Saturday, October 6, 2018

Engaging mystery delights audience at Schoolhouse Arts Center


By Elizabeth Richards

If you’re a fan of mystery and intrigue, you won’t want to miss Schoolhouse Arts Center’s rendition of Agatha Christie’s “And Then There Were None.”

On the second night of the run, a respectable sized crowd filled the theater. The first act found ten strangers thrust together on a remote island, either as staff or guests, with no sign of their host. 
As they get acquainted, a record is played, accusing each one of a terrible crime. While they all have what seems like a plausible explanation for the accusations, they are understandably nervous and confused about what is going on. And then one of them dies.

From there, the action is non-stop, with characters coming and going on stage, and one by one turning up dead. It quickly becomes obvious that the deaths are no accident, and tension builds as each character suspects another of being behind the murders.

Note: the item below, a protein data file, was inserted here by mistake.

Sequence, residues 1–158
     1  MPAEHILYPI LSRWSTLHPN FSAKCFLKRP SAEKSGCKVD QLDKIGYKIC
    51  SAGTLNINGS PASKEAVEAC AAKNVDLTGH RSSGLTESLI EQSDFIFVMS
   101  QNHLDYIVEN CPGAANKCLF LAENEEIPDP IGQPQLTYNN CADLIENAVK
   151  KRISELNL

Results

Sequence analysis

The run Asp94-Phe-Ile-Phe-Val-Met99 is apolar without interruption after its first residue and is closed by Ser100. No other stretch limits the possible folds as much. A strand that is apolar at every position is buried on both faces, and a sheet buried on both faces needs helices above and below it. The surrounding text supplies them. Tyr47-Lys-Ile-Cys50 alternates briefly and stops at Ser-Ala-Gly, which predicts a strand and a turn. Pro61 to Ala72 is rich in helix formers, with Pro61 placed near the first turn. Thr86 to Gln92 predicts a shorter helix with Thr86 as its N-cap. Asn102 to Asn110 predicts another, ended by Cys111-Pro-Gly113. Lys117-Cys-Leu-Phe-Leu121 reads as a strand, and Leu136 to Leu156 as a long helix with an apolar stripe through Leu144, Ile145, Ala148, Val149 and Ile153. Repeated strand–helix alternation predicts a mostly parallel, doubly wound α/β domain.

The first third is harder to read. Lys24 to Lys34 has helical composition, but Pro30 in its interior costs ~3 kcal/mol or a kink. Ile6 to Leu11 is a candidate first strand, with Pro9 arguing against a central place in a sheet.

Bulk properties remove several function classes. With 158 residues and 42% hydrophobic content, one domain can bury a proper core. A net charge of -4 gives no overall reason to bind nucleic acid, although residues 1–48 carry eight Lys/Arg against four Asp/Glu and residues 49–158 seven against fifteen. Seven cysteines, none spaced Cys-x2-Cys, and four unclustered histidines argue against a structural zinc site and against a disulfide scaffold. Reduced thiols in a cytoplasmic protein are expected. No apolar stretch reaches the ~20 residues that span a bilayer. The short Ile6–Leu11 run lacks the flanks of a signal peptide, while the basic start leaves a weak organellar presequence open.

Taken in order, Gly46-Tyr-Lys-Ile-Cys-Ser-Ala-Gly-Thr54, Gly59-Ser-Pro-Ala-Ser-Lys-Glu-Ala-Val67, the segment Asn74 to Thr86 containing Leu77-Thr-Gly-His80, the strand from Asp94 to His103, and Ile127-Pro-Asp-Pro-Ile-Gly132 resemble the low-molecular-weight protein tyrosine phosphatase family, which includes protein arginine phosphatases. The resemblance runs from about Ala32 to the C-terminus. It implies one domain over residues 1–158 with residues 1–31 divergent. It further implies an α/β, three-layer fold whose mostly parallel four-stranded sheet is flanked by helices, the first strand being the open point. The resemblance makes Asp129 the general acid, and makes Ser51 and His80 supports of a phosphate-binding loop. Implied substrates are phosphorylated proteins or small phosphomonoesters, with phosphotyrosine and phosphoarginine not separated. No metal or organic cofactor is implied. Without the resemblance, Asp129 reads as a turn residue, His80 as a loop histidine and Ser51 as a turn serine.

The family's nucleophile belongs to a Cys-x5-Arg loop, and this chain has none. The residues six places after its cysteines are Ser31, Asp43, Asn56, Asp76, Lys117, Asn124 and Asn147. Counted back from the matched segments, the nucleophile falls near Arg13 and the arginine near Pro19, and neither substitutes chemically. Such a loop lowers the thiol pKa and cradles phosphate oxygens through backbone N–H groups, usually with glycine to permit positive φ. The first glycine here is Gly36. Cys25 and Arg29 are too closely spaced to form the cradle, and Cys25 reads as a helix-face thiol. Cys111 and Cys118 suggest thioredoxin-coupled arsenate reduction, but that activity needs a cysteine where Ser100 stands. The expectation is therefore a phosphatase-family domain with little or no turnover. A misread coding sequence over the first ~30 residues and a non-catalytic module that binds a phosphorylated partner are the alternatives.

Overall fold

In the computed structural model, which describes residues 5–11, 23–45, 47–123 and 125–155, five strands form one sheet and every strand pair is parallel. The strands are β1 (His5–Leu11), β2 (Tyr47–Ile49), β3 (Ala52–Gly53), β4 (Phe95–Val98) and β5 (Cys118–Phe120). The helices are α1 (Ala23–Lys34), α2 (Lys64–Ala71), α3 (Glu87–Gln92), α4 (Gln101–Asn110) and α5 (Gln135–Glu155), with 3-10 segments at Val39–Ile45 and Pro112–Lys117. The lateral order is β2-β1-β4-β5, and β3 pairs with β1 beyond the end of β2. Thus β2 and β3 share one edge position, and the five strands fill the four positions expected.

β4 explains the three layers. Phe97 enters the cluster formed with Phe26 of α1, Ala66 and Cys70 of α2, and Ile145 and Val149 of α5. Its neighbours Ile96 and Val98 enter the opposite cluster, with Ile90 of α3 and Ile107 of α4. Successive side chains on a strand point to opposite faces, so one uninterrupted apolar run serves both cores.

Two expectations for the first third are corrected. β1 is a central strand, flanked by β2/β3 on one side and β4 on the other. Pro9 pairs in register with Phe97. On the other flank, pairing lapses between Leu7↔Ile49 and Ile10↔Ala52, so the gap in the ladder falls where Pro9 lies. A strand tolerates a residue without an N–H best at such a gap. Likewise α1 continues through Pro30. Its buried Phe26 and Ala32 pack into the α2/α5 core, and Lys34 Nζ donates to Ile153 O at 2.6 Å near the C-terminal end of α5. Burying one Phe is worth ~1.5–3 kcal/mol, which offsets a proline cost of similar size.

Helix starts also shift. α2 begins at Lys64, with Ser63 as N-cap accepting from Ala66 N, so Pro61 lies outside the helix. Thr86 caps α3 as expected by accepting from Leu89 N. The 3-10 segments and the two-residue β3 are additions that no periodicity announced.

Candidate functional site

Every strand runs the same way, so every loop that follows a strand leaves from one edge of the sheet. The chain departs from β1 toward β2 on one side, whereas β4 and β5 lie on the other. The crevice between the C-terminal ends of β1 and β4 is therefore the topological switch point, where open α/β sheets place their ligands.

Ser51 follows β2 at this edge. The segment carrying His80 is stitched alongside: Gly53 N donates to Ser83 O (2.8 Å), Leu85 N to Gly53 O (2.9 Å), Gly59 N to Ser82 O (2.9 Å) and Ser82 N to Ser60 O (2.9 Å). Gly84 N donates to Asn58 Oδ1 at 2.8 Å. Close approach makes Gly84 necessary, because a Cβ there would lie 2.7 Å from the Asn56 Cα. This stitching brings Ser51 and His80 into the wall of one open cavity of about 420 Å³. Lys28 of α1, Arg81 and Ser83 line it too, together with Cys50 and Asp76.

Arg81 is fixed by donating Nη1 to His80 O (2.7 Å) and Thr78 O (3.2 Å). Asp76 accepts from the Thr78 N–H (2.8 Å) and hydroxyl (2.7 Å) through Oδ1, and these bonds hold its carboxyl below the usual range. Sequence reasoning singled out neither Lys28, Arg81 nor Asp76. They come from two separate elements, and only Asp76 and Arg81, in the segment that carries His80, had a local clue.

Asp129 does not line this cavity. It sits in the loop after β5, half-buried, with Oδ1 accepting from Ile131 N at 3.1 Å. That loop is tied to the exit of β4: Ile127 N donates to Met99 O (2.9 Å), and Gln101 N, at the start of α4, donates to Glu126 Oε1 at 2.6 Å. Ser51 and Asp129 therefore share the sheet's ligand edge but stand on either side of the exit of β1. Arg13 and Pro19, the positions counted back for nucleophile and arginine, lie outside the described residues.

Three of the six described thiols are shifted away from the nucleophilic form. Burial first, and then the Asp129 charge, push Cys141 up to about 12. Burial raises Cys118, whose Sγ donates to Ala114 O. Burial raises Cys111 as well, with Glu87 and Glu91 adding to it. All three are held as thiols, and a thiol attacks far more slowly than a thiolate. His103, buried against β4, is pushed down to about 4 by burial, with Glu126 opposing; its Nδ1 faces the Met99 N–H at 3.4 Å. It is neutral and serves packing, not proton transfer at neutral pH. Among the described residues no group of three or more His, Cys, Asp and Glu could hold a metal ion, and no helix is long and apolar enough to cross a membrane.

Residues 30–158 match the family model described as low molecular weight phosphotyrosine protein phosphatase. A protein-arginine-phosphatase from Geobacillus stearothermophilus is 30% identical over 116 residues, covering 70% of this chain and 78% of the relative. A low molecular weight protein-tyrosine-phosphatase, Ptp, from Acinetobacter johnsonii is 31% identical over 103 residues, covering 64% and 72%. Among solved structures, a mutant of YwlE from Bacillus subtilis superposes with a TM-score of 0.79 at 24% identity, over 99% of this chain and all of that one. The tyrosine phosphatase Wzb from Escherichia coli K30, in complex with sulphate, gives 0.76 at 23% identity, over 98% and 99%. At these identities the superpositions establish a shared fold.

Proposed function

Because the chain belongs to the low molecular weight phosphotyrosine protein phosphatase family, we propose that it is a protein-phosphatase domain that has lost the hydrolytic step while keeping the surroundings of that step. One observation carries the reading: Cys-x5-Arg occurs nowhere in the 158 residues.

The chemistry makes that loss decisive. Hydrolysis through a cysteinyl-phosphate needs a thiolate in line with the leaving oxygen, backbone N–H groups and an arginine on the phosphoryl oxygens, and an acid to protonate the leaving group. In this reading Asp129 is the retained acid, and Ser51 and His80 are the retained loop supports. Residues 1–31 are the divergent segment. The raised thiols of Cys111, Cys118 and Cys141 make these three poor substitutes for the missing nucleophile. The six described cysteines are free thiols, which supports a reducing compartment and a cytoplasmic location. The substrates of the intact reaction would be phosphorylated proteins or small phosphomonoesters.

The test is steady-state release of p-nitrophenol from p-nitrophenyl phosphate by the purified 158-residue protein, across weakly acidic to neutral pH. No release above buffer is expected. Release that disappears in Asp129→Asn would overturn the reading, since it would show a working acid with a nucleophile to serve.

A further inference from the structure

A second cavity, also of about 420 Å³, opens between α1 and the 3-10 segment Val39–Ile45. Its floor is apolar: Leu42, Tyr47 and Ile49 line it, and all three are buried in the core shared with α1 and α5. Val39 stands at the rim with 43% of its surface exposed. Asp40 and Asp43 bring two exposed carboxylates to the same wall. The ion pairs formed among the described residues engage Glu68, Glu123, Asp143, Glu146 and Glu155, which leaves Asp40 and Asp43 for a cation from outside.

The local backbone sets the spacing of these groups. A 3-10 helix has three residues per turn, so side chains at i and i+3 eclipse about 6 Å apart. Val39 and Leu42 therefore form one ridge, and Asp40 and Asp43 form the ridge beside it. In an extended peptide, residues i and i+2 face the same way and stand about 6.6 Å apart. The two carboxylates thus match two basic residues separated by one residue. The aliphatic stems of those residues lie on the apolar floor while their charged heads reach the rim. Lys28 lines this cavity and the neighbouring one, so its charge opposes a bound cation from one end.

The set was a perfect representation of the interior of an island retreat, and the constant sound of the sea placed the audience on that remote island, far away from civilization. The effects of weather, power outages and off-stage discoveries of dead bodies were well timed and well executed.

The cast is strong, and although there were some moments of struggle over lines which broke the flow on occasion, for the most part the show was fast paced and engaging. Each performer found subtle ways of making their character come alive, and also of creating suspicion and doubt to keep the audience guessing. There were also plenty hilarious moments, fueled by flawless timing and perfect line delivery. 

Of particular note were the performances of Zachariah Stearn as Phillip Lombard, Barbara Levault as Emily Brent, and Ricky Brewster as Dr. Armstrong. Each created and maintained a character that was both authentic and hilarious, making the moments that they were speaking incredibly fun to watch.
Saying too much would detract from the fun of watching the story unfold, so suffice it to say that you won’t be bored. The audience was engaged throughout the show and gave the cast a standing ovation to show their enthusiasm and appreciation.

The show runs for one more weekend, with performances on Friday, October 5th at 7:30 p.m., Saturday, October 6th at 7:30 p.m. and Sunday, October 7th at 2 p.m.  Tickets are $12 for students and seniors and $14 for adults. Tickets can be purchased online at schoolhousearts.org or at the door.